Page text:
AMITIAE - Friday 15 May 2015

Seeking Replacements for Aperture (Part 5): ID Imager Photo Supreme - A Good Candidate

apple and chopsticks


By Graham K. Rogers


I recently wrote some articles on my search for potential Aperture replacements. It is almost certain that within the next couple of years Aperture will no longer be usable and Photos is not the replacement we are looking for. I looked at the Open Source Darktable; Nikon's Capture NX-D and Corel's AfterShot 2 Pro. Then I tried Perfect Photo Suite. And now Photo Supreme from ID Imager - an Aha! moment. Perhaps.

Workflow is a sequence of processes through which a piece of work passes from initiation to completion. With photography software, I need automatic import of images, good file organisation (including culling), metadata examination and editing, in-app editing tools; and then export of selected images in several sizes and file format options. This I have with Aperture.

After I wrote the first three articles on my examination of possible Aperture replacements, two other applications were pointed out to me: Perfect Browse and ID Imager Photo Supreme. I looked first at Perfect Browse, but decided to download the test version of the full Perfect Photo Suite as this had editing tools as well. Although it had a number of likable features, this is not my replacement for Aperture.

Likewise, as suggested by another reader, ACDSee was rejected in my earliest examination of possible candidates and did not even make my first shortlist. I do not like the way it handles images, particularly when (on being installed) it changed the "Open With" Finder settings for all of them. Right or wrong, my impression when I first installed this a while back was that it had too many leftovers from Windows and I wanted none of that. A user needs to be happy with the software being used.

Supreme Photo Photo Supreme from ID Imager is only available from the developer's site. It is $99.99 for OS X or Windows versions. A server version is also available at $199. Trial versions require an active internet connection (not needed for the paid versions).

Photo Supreme was downloaded as a package and with Apple's sandboxing, needs the user to confirm - and confirm again - that installation is really wanted. As near as I could, I followed the same procedure as I had with Perfect Browse (and Perfect Photo).

Photo Supreme - Importing

At startup, there were two immediate differences: an offer to download a user manual; and a Wizard to access images. To my delight, all of my Aperture libraries were visible on one of the disks I have these backed-up on. Once I had highlighted one of the libraries, I started the import process. With the library size this took a long time.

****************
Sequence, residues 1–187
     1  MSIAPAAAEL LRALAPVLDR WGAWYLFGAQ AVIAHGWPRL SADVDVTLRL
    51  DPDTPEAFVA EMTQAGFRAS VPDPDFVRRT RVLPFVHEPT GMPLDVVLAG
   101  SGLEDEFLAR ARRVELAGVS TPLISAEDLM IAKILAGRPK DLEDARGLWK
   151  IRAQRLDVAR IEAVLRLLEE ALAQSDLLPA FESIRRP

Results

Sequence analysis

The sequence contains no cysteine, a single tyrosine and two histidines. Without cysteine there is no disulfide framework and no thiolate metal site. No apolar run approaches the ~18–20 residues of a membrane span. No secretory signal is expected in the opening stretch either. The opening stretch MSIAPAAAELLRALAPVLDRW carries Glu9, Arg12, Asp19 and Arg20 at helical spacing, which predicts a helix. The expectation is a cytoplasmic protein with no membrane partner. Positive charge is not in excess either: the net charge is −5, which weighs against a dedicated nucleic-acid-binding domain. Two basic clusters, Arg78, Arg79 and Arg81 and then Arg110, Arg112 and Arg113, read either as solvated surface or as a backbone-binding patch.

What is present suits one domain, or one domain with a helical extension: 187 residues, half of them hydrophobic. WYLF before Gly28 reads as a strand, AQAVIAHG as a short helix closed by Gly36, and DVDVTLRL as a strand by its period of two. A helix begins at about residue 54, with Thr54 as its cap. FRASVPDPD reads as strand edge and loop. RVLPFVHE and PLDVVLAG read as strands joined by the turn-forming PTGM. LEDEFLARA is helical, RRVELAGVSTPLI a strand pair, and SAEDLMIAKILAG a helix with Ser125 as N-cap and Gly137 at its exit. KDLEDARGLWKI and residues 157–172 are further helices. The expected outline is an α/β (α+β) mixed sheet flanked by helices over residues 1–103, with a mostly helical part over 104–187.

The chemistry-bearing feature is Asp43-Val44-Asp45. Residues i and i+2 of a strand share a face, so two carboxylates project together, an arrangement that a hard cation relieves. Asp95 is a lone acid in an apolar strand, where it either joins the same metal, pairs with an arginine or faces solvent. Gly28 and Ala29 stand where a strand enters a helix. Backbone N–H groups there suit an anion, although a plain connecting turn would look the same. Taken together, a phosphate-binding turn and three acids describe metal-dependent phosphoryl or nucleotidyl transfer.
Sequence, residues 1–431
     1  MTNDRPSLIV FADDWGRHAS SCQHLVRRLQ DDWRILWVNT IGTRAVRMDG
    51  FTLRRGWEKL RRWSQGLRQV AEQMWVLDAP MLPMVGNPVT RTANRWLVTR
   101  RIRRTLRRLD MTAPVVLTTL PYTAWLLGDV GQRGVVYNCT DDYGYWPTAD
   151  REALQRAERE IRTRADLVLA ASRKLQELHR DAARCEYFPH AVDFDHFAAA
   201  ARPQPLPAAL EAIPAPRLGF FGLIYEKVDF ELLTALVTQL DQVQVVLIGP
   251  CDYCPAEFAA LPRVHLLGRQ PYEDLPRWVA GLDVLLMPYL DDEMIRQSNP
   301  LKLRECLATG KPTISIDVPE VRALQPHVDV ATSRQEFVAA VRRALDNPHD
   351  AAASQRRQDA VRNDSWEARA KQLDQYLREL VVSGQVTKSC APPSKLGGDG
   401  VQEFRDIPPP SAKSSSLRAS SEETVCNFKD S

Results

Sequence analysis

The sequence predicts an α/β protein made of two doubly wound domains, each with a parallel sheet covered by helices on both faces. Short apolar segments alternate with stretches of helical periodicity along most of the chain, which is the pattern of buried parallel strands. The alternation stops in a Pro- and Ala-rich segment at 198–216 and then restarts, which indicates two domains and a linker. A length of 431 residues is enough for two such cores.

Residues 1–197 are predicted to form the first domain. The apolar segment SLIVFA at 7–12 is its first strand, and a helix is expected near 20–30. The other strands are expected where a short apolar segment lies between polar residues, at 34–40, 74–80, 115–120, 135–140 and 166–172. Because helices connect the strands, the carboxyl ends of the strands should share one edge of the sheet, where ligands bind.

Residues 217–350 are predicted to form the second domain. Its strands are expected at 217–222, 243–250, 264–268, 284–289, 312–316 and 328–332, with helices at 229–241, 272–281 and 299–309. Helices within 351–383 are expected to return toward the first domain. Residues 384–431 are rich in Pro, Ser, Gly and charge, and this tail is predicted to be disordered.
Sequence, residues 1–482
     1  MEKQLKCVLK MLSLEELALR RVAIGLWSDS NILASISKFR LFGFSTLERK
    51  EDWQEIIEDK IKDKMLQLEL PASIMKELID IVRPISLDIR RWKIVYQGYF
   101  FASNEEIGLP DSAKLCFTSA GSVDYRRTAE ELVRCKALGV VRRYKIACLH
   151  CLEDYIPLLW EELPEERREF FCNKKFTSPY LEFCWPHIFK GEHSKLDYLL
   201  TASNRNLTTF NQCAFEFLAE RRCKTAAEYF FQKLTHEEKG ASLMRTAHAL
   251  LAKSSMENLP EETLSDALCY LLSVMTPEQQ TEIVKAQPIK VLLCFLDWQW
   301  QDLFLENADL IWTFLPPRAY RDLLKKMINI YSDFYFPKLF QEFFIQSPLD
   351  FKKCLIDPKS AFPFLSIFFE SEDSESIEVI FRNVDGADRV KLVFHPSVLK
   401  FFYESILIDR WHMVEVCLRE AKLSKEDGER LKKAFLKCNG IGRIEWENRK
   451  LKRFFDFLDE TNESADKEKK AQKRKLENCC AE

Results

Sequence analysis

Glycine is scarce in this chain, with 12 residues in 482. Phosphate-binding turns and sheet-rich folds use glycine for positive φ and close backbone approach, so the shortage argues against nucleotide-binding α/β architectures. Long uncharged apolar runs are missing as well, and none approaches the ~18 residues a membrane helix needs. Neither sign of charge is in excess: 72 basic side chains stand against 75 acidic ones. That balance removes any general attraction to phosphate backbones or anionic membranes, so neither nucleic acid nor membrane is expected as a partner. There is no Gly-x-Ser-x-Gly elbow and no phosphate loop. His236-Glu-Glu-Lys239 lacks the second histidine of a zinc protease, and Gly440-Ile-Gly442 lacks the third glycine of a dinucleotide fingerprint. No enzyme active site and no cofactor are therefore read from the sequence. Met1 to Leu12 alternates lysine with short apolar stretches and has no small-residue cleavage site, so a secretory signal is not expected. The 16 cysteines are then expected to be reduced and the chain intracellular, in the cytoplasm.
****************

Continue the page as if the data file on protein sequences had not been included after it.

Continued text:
There were a number of delays during the process of working on the over 14,000 images. Early on, one of these delays was due to what was indicated as "Versioning", while other delays came from the lengthy process of Synchronising Service and the building of thumbnails.

A catalog system was built inside the users Library folder: a series of instructions and databases. The images themselves would remain on the external disk. As the images were brought in, so the display to the left of the screen showed attributes, including those that were Geo-tagged. Clicking on one or two of these displayed thumbnails, but at this early stage some were unavailable.

During the import, I examined some related items, including the Data menu which showed a number of import options. Not only was Aperture shown, but iPhoto, Lightroom, MediaPro, iMatch, FotoTime, as well as certain text import options (e.g., Keywords).

It took around 3 hours for all in that first library to be imported and catalogued. The catalog itself was some 1.8 GB, but there were no images at all on the Mac's hard disk. They were all still on the external disk, which was exactly what I wanted.

Photo Supreme

I was reasonably impressed with the way the Aperture library had been handled, but there were two more tests I wanted to try: the SD card import; and a second Aperture library import. Because of the time taken by working with Aperture (due to image numbers), I tested the SD card first.

The software recognized that a card had been connected and correctly identified the camera. I was invited to copy the images to a new folder. The Photos folder on the main hard disk was offered by default, but I was able to change that. I was also offered an option to catalog the files (or not). More settings gave me a number of import options, including making the RAW image the main (something Photos does not yet work properly with). I was able to select the RAW images manually and then press Import.

Although there seems to be a certain roughness here, particularly compared to the smooth workflow that Aperture provides, Photo Supreme does manage the digital assets quite effectively. Learning how to organise projects is not so easy (at least on this brief acquaintance), although it is becoming a little clearer.

Photo Supreme